In 1997 Public Service merged with the Texas-based Southwestern Public Service Company to form New Century Energies, and Brunetti was appointed vice chairman, president, and chief operating officer; he became president and chief executive officer in 2000. During his tenure with the two companies Brunetti focused on improving service quality; to refer to his main goals he used the acronym "RSVP": reliability, safety, value added, and price. Brunetti told the Journal that he helped Public Service make "dramatic improvements in its customer service, reliability, and cost containment" (November 21, 1997).
Yet another merger occurred in August 2000, this time with the Minneapolis-based Northern States Power Company, creating Xcel Energy. Brunetti was named chairman, president, and chief executive officer in 2001, with Richard Kelly relieving him of the position of president in 2003. In 2004 Xcel provided services to 3.3 million electricity customers and 1.7 million natural gas customers in 11 states, making it the fourth-largest electricity and natural gas company in the United States.
Brunetti's expertise and commitment to the industry led to his appointment to the National Petroleum Council, an advisory body to the U.S. Department of Energy. In 2004 Brunetti was elected chairman of the Edison Electric Institute, and he once served as the chairman of the Colorado Association of Commerce and Industry. He also served on the boards of Capital City Partnership, the Juran Center for Leadership and Quality, and the Denver Chamber of Commerce.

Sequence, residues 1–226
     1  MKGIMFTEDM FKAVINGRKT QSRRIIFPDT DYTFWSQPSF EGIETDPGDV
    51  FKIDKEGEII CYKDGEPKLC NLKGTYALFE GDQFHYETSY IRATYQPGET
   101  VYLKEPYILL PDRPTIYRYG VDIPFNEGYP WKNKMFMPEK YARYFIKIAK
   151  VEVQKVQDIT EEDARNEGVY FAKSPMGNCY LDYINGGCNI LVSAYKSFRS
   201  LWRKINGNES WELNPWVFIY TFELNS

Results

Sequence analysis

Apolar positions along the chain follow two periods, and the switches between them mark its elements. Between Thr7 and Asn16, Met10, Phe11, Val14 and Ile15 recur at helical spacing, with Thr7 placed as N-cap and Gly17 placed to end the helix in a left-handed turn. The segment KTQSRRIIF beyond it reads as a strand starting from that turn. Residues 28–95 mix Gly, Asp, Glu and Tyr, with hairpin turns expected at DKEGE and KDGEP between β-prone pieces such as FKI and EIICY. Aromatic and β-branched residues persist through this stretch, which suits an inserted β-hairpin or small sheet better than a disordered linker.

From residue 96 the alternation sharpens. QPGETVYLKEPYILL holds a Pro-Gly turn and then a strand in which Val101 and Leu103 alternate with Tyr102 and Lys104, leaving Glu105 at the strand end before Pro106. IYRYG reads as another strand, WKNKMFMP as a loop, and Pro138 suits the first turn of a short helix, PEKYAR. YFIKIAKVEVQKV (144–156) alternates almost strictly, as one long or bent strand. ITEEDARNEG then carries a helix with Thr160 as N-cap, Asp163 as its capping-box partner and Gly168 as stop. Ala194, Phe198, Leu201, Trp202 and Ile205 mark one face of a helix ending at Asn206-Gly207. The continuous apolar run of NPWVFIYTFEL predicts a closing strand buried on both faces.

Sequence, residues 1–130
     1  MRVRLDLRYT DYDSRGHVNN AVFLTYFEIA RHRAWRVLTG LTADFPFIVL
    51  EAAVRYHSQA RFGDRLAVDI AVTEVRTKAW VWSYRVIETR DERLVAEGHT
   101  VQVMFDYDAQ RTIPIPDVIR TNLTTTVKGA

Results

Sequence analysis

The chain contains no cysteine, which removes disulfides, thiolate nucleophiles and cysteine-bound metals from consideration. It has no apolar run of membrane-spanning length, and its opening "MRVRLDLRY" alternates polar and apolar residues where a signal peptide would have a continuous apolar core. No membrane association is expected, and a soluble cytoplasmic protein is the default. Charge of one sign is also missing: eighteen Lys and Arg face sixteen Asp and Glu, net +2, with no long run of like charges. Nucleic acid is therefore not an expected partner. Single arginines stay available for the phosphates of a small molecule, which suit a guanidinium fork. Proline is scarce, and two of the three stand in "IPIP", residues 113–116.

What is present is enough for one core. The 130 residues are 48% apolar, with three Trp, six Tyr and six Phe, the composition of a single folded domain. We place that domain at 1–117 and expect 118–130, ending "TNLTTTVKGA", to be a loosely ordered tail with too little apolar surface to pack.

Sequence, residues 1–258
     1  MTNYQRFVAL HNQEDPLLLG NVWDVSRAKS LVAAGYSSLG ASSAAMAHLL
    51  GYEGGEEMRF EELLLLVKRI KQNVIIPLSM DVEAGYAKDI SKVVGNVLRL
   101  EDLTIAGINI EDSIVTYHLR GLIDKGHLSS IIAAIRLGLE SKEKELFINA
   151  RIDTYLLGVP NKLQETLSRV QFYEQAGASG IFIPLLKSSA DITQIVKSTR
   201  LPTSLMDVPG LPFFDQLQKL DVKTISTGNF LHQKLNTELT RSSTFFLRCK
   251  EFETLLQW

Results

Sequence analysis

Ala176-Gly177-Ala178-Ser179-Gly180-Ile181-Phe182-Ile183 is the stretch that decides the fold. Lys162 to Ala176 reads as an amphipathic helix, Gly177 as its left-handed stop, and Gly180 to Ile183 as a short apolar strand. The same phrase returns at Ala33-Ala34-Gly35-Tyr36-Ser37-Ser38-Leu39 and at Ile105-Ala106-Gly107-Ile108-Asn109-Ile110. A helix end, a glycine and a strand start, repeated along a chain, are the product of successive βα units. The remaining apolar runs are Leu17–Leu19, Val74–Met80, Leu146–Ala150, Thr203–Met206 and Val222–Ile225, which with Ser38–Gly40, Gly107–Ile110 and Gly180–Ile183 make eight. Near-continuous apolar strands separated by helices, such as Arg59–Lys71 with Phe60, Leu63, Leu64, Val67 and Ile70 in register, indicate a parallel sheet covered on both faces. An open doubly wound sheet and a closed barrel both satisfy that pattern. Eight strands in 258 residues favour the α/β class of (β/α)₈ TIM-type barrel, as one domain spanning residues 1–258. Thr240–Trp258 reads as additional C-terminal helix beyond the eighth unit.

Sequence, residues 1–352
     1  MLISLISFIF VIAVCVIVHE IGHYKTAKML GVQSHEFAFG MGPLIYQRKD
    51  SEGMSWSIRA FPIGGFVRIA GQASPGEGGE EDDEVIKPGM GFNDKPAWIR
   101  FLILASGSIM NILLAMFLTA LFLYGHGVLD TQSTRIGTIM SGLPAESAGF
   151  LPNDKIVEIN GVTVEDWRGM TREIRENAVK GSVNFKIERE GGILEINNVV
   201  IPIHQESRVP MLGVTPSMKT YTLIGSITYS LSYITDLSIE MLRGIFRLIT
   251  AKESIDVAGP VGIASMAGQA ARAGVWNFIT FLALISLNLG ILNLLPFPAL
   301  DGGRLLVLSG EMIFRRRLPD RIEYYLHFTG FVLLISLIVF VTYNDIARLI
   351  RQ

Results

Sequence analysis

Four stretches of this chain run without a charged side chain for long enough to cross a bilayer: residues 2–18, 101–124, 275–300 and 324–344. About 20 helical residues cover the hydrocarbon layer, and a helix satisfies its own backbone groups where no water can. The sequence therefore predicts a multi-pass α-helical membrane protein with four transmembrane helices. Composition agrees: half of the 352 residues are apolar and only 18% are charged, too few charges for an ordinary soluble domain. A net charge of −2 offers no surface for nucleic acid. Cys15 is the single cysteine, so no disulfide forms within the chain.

Brunetti came under fire for several reasons during his early years with Xcel. In 2002 the company lost a struggle to save its flagging NRG Energy unit from bankruptcy. After stock values dropped 60 percent and the per-share dividend was cut from $1.50 to $0.75, Xcel was sued by investors who claimed that senior management had held back crucial information. Xcel's board of directors received a letter from Minnesota's attorney general asking for Brunetti's resignation because of the possible financial effects on the state's electricity users. In 2003 the company rebounded, however, defying analysts' expectations and posting a share price that was 54 percent higher than it had been in 2002.
In 2004 Brunetti and other Xcel executives faced further criticism from shareholders regarding the company's executive compensation and pension program, which Brunetti and Kelly defended, stating in the Rocky Mountain News that all Xcel employees were paid "market-based rates" (May 21, 2004).
In spite of the occasional controversies Brunetti's colleagues described him as a highly committed and visionary leader. In the Denver Business Journal George Dibble, the former president of the Colorado Association of Commerce and Industry, noted, "He's very precise in his approach to things. He's very well attuned to what is going on in the state and what we need to do to move the business community forward." Steve Coffin, the vice president of government and regulatory affairs for Colorado Interstate Gas, said, "He is a very thoughtful, thorough, smart person. He is a strong leader with a strong vision and a strong understanding of how to get from here to there, not only in his business but in his community as well" (November 21, 1997).
See also entry on Public Service Company of Colorado in International Directory of Company Histories .
Aven, Paula, "Sparking a New Century," Denver Business Journal , November 21, 1997.
Blahnik, Mike, "For CEO Pensions, Rank Has Its Privileges," Star Tribune (Minneapolis-St. Paul), May 18, 2003.
Chakrabarty, Gargi, "Xcel Shareholders Fume over Bonuses," Rocky Mountain News , May 21, 2004.
"Wayne Brunetti Elected EEI Chairman," PR Newswire, June 14, 2004.
—Stephanie Dionne Sherk